4. Consider Applying for a Secure Credit Card
There are two types of credits cards: secure and unsecure. Unsecure credits cards are what most people think of — and what many consumers with good and excellent credit have. An unsecured credit card is the standard, as unsecure cards require no upfront deposit or any security deposit at all. But, for those who have subprime and bad credit scores, an unsecured card has a higher approval requirement.
Secure cards, meanwhile, can be a great credit card option if you’re dealing with sub 600 FICO scores. While you’ll still have high interest rates and fees, the approval threshold for a secured card is much lower. And, if approved, you can use your secured card as a stepping stone to get you out of bad credit — and get yourself an unsecured card in the future with no security deposit.
The Caveat with Secure Credit Cards: Blessing or Curse?
Here’s the caveat that can deter some consumers from applying but may actually be a blessing in disguise: secure credit cards require an initial deposit usually between 50 percent and 100 percent of the limit. In the case that you are unable to pay off your monthly balance, the lender pulls from this deposit. The downside is you may still have to pay that high interest rate and any related fees and may suffer a credit point or two, but you can sleep at night knowing that your balance is down (or close) to zero.
5. Boost Your Credit Score
It certainly doesn’t hurt to boost your credit score. Even in the near future, you can bump it up from bad to fair credit, let alone fair to good. Here are some ways how.
Increase Your Credit Limit to Lower Credit Utilization
One quick tip is to ask your bank to increase your credit limit which will bring down your credit utilization, one of the factors your credit score is based on. Credit utilization is just a fancy name for the percentage of available credit you have. Ideally, strive to have a credit utilization between one percent and 30 percent — which conveys to lenders that you borrow and pay off less than what’s offered.
Choose Soft Inquiry Over Hard Inquiry
Also, if you are interested in seeing your credit score, do a soft inquiry versus a hard inquiry, which (as we’ve mentioned earlier) takes a toll on your credit. Instead of asking a lender to run a credit report for you, use online and secure resources to do your own.
Lower Expenses and Pay Off Credit As Soon As Possible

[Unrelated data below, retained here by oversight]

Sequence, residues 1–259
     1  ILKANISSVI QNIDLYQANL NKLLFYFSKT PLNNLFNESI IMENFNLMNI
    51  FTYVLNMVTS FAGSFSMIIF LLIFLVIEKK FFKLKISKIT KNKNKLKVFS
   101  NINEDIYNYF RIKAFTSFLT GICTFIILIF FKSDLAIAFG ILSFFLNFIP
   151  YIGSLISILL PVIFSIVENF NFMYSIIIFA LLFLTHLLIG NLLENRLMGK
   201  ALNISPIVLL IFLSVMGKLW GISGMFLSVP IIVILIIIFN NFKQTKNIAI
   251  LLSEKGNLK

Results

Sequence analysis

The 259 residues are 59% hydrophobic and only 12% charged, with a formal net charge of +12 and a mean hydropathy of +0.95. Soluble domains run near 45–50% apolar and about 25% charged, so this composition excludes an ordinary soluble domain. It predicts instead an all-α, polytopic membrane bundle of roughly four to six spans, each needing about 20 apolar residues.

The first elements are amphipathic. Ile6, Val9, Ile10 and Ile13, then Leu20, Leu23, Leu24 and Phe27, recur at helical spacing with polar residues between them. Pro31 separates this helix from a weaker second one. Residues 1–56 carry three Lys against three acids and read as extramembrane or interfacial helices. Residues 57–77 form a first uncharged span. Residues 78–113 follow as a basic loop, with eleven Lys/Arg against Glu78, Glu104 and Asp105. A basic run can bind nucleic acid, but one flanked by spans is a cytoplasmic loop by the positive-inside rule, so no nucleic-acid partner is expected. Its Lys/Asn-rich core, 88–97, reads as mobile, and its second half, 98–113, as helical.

Then, of course, there is the tried-and-true method of lowering expenses so you’re pulling out the plastic less often. Swapping out cable for cheaper streaming services, downgrading to a more affordable cell phone plan, and tracking your spending habits are all budget-friendly ways to get you in the green. Allocate the excess funds to pay off your credit card(s) faster.
6. This is Your Get Out of Jail Card
Another credit card is a short-term solution to bridging those financial gaps, and that’s it. Use it as a get out of a jail card than a way to prolong and even increase your bad credit. Without a financial plan or budget, it’s all too easy to fall into the credit card application trap, where consumers apply, approve, max out, and apply again.
Create a Financial Plan
To prevent you from applying for credit card after credit card, go into the application process already knowing what your financial next steps are. What expenses are you going to cut? How quickly can you pay off your credit? Which credit card will you tackle first? Speak with a financial advisor or — if you’re strapped for cash — discuss finances with a budget-savvy family member or friend.
Track Your Money on an Excel Spreadsheet
Know where your funds are and when more income is coming in by tracking your money with an old-fashion Excel spreadsheet. This will not only prevent overdraft costs but encourage you to use your debit card over your credit card.
Bad Credit Does Not Define You
Financial mistake or life’s circumstances, know that bad credit does not define you. Several people have gone from bad credit to FICO scores in the 700s and above. One mechanic in particular, according to NerdWallet, used credit-boosting strategies like becoming an authorized user on his wife’s accounts, to up his credit score from 590 to a now-whopping 754. So, it can be done. Have you experienced bad credit? Did you apply for another credit card? And, how did you get out of debt and raise your credit score?
Elizabeth Mack is a Southern California-based freelance writer specializing in career, lifestyle, and personal finance. She’s in a codependent relationship with coffee and obsesses over Thai food and Grey’s Anatomy. Find her work on Fairy God Boss and across the web.